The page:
An Australian inquiry into the financial services sector heard tearful testimony from a nurse who lost her home after taking advice from a major lender, and that the country’s biggest bank knowingly charged dead clients for counsel.
The testimony was among the most personal yet at the Royal Commission that has already resulted in startling admissions of bad behaviour by firms. Government data prepared for the inquiry shows over 80,000 consumers have been given bad advice over the past decade, costing them a total A$5 billion (€3.1bn).
Coverage of the inquiry, initially resisted by Australia’s centre-right government, has dominated newspaper front pages, TV chat shows and talk-back radio across the country.
Treasurer Scott Morrison this week raised the prospect of jail terms for the worst executive offenders, while regulators have flagged tougher oversight and penalties for the biggest sector of the Australian economy.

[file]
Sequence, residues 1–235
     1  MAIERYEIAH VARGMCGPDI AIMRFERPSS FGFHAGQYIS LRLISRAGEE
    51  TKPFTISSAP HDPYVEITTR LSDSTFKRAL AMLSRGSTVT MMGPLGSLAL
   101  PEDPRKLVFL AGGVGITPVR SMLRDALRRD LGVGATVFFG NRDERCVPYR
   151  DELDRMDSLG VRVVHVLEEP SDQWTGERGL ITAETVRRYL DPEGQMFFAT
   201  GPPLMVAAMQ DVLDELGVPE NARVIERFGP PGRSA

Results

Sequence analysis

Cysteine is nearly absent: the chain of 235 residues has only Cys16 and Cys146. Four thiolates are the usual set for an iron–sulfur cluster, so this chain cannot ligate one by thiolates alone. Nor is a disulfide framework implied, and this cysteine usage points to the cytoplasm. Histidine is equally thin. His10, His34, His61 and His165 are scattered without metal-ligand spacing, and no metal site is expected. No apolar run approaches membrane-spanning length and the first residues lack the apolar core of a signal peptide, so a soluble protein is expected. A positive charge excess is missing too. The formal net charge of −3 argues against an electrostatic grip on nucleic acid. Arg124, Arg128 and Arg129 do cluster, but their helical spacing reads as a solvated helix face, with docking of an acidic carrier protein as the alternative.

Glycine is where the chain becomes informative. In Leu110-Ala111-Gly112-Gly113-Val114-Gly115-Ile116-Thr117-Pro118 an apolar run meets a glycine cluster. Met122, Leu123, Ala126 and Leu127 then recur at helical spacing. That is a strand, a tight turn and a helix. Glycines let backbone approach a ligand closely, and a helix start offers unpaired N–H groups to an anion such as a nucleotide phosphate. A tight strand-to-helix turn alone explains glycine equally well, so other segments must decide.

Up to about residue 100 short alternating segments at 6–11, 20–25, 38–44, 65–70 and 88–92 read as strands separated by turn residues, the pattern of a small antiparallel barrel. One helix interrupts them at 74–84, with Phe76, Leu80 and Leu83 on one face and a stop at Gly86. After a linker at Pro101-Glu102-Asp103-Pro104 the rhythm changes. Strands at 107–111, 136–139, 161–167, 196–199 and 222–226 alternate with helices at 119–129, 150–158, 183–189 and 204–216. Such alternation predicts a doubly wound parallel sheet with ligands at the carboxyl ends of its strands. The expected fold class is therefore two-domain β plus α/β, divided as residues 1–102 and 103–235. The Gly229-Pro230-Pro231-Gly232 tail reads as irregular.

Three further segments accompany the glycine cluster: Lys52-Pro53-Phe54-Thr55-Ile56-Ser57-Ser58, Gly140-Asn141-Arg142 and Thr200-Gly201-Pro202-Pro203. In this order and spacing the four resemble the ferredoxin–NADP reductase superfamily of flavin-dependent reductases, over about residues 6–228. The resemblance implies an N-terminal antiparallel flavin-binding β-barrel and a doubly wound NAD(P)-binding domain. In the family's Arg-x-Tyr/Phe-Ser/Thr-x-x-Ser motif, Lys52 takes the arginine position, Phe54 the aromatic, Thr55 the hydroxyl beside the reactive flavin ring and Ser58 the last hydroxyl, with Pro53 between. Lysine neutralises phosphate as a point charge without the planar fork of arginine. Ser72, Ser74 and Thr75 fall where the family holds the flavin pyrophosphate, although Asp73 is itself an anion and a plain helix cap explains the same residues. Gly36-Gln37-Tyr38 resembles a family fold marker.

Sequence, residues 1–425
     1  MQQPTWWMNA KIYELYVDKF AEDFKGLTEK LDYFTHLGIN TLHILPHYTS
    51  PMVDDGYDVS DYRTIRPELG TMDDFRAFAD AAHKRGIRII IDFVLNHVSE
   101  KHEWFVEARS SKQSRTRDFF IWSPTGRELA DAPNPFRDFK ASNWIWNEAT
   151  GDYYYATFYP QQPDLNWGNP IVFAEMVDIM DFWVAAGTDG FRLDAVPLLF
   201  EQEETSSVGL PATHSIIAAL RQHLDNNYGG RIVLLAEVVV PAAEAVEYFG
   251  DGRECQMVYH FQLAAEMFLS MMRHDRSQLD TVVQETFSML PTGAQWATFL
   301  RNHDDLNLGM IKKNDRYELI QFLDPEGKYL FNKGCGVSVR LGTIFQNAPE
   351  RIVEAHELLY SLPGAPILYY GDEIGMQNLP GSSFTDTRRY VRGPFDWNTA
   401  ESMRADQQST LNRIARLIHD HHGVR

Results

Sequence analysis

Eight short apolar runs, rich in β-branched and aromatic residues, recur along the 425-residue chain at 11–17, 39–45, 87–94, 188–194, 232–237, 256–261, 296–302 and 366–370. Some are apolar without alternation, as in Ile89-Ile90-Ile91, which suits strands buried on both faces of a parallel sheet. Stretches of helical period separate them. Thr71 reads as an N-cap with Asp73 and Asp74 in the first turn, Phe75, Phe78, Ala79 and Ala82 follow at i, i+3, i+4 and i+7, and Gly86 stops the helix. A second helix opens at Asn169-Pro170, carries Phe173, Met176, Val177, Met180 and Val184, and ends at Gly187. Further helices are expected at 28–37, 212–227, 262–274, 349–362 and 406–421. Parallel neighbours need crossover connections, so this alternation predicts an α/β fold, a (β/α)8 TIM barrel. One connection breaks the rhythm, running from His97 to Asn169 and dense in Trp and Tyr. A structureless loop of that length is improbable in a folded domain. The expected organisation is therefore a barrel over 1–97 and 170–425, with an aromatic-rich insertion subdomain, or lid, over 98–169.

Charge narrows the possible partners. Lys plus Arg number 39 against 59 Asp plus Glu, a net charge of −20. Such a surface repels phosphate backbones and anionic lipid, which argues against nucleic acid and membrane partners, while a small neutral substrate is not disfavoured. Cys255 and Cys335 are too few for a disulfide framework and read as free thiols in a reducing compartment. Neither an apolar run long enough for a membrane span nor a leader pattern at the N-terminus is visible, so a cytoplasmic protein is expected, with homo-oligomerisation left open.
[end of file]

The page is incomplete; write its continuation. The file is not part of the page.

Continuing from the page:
The inquiry also heard that Commonwealth Bank of Australia, the country’s largest bank, withdrew advice fees from dead people’s accounts.
Meanwhile, the country’s largest wealth manager, AMP, has admitted it lied to the regulator to cover up charging thousands of customers for services they did provide.
AMP has lost over A$1.2bn in market value since the revelations came to light earlier this week.